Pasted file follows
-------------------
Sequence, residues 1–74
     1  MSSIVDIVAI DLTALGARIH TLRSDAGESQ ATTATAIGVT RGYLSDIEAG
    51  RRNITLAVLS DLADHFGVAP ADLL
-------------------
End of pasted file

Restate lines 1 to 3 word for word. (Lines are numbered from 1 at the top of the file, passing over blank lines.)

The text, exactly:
Sequence, residues 1–74
     1  MSSIVDIVAI DLTALGARIH TLRSDAGESQ ATTATAIGVT RGYLSDIEAG
    51  RRNITLAVLS DLADHFGVAP ADLL